Michael Beasley has got the ball in his hands in Minnesota, creating his own shots and being the go-to guy. And thriving in that role.
With one shot to tie the Boston Celtics Monday and send the game into overtime, the Timberwolves called Beasley’s number. Everyone in the building knew that’s what was going to happen, despite that he got a pretty good look but it just didn’t fall.
Doc Rivers came away impressed (Beasley had 19 points in 23 minutes, time limited due to foul trouble against Boston), as he told the Star Tribune.
“Offensively, I’ve been a big believer in him,” Rivers said before his Celtics beat the Timberwolves 96-93 on Monday night. “I just think he can score. I said it two years ago: I think one day he may lead the league in scoring. He just knows how to score the ball. He has a Carmelo ability to score the ball.”
“He’s a matchup problem every night,” Rivers said. “He’s tough for 3s [small forwards] to guard because of his size. He’s too quick for 4s [power forwards]. And he can shoot. Obviously that’s the key. He has quickness and a shot at that size. That makes him tough to guard.”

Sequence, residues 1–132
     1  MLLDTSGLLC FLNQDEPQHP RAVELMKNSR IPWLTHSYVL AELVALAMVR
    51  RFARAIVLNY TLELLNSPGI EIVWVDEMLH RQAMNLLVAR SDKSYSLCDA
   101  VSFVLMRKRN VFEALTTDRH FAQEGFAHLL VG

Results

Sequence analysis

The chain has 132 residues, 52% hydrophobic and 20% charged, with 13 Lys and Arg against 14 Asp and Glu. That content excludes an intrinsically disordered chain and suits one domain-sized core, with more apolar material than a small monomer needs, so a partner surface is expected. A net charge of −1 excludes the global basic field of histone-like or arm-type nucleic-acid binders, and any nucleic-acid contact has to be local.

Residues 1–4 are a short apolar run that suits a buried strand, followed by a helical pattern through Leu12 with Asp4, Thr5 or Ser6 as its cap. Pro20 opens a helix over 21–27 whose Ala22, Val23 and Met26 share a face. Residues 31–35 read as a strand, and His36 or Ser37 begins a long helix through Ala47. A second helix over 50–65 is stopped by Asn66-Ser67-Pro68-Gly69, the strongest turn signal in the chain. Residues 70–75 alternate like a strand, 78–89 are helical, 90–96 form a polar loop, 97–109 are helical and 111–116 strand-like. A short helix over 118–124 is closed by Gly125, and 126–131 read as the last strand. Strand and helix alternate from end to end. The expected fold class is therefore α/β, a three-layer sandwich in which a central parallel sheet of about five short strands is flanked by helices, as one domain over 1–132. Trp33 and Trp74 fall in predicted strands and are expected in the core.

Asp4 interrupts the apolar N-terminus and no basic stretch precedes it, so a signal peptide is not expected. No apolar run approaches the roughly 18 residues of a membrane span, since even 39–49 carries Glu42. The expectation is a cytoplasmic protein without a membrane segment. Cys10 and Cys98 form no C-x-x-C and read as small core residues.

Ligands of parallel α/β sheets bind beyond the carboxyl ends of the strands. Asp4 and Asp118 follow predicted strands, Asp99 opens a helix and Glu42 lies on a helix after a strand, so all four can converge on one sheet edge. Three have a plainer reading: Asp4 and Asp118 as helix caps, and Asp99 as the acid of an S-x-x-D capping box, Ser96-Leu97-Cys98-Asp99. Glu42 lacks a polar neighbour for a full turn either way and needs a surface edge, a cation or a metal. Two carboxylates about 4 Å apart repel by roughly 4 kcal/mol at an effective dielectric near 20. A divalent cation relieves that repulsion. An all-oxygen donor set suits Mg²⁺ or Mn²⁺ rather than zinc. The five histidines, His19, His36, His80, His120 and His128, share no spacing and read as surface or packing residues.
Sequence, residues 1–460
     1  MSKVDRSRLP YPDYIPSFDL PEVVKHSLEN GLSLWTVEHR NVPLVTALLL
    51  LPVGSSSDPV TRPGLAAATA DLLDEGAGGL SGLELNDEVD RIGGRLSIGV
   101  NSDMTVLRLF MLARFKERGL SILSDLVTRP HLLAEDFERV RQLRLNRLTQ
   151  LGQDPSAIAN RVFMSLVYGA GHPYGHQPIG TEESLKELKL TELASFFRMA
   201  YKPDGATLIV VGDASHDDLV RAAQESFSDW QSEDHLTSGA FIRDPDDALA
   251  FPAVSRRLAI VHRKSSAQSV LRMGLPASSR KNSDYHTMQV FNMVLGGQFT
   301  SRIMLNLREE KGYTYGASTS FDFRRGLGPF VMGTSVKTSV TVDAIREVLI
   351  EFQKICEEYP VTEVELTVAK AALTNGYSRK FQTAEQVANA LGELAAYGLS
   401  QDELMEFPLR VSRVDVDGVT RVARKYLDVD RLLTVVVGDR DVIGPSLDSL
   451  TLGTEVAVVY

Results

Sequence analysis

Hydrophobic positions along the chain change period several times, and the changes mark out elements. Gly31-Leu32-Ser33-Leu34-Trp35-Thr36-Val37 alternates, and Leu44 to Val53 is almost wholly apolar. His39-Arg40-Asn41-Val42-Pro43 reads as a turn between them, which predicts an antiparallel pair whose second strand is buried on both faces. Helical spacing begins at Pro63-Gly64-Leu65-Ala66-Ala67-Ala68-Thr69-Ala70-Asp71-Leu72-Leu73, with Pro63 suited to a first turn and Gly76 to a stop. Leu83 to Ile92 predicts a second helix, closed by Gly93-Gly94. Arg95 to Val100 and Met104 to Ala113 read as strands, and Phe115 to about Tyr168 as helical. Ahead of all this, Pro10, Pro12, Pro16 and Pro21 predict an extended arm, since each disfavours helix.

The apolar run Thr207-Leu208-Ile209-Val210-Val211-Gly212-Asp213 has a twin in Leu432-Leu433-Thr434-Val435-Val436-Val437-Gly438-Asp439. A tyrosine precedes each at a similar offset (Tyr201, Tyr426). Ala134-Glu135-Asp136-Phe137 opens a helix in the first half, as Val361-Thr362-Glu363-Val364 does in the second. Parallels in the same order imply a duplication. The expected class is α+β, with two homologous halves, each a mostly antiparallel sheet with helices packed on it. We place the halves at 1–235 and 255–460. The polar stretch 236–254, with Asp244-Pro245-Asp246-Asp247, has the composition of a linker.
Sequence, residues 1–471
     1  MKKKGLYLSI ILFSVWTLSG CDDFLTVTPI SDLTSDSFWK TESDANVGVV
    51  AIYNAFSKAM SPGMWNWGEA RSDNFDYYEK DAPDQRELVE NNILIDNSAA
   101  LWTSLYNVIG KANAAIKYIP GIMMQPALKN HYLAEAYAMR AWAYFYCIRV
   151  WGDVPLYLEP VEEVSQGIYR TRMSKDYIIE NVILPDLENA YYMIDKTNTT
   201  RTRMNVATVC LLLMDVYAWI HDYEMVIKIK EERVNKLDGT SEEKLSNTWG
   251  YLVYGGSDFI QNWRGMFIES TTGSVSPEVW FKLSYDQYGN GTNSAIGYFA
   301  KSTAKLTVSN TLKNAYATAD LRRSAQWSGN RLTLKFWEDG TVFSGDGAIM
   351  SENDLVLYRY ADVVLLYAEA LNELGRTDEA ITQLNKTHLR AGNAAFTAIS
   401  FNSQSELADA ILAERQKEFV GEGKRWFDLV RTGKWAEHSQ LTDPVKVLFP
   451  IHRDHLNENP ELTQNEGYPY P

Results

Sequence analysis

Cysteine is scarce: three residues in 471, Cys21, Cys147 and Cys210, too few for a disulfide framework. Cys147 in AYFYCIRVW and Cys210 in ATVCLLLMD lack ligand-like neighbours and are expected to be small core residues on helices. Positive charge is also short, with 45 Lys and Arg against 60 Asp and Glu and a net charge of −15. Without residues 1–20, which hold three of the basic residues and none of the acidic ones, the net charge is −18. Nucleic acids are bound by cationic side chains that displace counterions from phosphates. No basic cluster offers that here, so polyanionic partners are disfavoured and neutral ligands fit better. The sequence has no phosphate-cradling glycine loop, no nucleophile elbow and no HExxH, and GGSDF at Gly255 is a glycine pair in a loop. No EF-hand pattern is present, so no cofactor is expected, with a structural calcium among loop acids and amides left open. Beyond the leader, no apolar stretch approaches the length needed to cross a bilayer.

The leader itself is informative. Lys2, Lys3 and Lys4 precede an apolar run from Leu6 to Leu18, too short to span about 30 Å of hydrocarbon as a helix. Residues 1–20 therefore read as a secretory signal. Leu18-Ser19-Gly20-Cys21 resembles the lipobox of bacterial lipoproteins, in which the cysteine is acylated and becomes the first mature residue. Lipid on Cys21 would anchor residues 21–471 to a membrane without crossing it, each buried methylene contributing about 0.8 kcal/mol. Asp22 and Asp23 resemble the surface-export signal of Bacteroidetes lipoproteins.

It’s Beasley’s jump shot that has really elevated his efficiency this year — he is hitting 43.9 percent from three, up from 27.5 percent last season (via Hoopdata). He also is shooting 44 percent on long twos (16 feet and longer) up from 39 percent last season. He has a shot you have to respect from anywhere on the floor right now.
He’ll have to become a lot more efficient to really lead the league in scoring (Dirk Nowitzki is hitting 53 percent on long two pointers, and Beasley is not as dangerous closer in as Kevin Durant). But you can start to see what was buried in Miami, the reason this guy was taken No. 2 overall.